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Tuesday 20th March 2018

How Turkey Became a Prison for Kurds

Politics

Rowshan Qasim

Wed, 30 Jan 2019 16:23 GMT

Despite her release, Turkish parliamentarian for the Peoples' Democratic Party (HDP), Leyla Güven, has continued her hunger strike since December 16th demanding an end to the isolation in prison of Kurdistan Workers' Party (PKK) leader Abdullah Öcalan. Politicians said Güven's release was due to the Turkish government’s fear of her health deteriorating.

Güven, 55, was imprisoned in January 2018 for criticising Turkey's military operation in Afrin, a Kurdish majority town in northern Syria. She was convicted of "belonging [to] and leading an armed organization, terrorism, and inciting people to hate", the same charges faced by HPD leaders detained in Turkish prisons.

A Turkish court decided to release Güven after her 79-day hunger strike in protest at the harsh isolation regime imposed on Abdullah Öcalan.

"My client is no longer able to fight diseases, and her lean body is unable to protect itself against disease," said Serdar Celebi, a lawyer for MP Güven.

The HDP leader Barakat Karr said in a statement to 7Dnews that "release of Leyla Güven came out of fear of a solidarity widening that began to take on an international character. There were demonstrations in Afghanistan and many European countries, and solidarity by female deputies in the Lebanese parliament."

"Instead of her death in prison as the regime's responsibility, they preferred her to be under the responsibility of HPD or her family,” Karr said.

Karr said that "authority knows very well that Leyla did not strike for her release, but to break the isolation imposed on Öcalan," noting that "the goal of her release is to marginalize the case and cut the road to solidarity, which has begun to expand inside Turkey and abroad, but Güven’s insistence will defeat this policy."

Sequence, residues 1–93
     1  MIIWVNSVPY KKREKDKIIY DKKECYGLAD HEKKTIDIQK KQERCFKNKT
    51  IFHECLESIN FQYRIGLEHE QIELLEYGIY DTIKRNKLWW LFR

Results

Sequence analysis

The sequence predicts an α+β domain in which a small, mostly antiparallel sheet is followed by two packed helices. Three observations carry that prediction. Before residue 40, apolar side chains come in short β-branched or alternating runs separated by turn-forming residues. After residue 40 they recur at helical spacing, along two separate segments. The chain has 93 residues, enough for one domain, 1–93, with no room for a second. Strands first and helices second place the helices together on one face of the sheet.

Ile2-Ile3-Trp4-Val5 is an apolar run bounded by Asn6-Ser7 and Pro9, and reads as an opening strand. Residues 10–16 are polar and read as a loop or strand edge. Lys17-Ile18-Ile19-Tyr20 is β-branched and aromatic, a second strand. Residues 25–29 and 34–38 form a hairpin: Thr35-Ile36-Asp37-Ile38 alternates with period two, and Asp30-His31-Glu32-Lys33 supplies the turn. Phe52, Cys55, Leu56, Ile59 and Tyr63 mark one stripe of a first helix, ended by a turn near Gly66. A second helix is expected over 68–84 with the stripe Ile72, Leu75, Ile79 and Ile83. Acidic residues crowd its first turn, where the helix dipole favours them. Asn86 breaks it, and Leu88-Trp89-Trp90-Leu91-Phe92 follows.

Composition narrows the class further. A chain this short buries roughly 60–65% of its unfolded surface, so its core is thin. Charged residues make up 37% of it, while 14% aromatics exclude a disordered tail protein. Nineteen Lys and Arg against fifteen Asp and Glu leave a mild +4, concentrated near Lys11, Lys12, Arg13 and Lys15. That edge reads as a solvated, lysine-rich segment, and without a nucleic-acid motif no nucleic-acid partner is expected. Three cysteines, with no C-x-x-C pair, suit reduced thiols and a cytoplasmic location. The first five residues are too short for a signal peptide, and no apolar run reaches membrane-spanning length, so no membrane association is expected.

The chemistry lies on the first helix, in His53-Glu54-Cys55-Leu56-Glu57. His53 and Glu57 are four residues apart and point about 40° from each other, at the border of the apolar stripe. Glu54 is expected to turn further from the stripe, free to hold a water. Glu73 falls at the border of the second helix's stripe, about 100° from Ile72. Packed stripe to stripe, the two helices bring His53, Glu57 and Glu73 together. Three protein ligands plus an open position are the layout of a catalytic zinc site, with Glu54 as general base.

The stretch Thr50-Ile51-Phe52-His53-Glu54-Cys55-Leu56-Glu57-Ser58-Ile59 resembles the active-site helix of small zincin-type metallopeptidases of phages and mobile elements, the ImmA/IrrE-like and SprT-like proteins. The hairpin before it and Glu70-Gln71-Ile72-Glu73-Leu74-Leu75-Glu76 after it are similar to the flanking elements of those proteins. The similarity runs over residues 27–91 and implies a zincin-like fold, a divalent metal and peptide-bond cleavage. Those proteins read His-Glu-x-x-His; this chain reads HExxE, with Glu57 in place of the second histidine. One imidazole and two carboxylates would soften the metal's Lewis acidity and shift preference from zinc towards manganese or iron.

Opposition journalist Seyyit Evran said in an interview with 7Dnews, "Leyla Güven is a Kurdish woman from Konya, a mother of a boy and a girl, who left Europe and returned to Turkey as a political activist. She is a member of parliament for the Peoples' Democratic Party, and co-chairs the Democratic Society Congress (DTK), an association of representatives from civil society organisations, political parties, lawyers, and human rights defenders."

He added that Güven and her comrades “are convinced that Turkey, the Kurds and the region need Öcalan’s ideas, but he has been isolated by the Turkish state for seven years, despite objections of the international community. The authorities prevent his lawyers, comrades, journalists, international organisations, and even his family from visiting him, which is contrary to the most basic rights of prisoner."

Evran stressed that the Justice and Development Party government, which refused to reach an agreement to resolve the Kurdish issue, has taken over the municipalities and begun to arrest the people’s elected representatives, which has contributed to deepening the crisis and war in the country.